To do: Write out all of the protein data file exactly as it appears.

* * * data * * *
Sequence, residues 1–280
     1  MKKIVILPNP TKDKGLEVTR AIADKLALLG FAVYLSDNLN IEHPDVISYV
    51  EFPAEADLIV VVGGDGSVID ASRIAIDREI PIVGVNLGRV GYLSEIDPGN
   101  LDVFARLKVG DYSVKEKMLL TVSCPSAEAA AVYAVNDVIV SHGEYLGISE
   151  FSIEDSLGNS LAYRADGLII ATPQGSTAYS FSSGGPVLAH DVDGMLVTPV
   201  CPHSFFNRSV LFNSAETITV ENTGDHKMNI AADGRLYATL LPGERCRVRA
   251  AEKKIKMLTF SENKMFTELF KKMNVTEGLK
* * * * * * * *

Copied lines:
Sequence, residues 1–280
     1  MKKIVILPNP TKDKGLEVTR AIADKLALLG FAVYLSDNLN IEHPDVISYV
    51  EFPAEADLIV VVGGDGSVID ASRIAIDREI PIVGVNLGRV GYLSEIDPGN
   101  LDVFARLKVG DYSVKEKMLL TVSCPSAEAA AVYAVNDVIV SHGEYLGISE
   151  FSIEDSLGNS LAYRADGLII ATPQGSTAYS FSSGGPVLAH DVDGMLVTPV
   201  CPHSFFNRSV LFNSAETITV ENTGDHKMNI AADGRLYATL LPGERCRVRA
   251  AEKKIKMLTF SENKMFTELF KKMNVTEGLK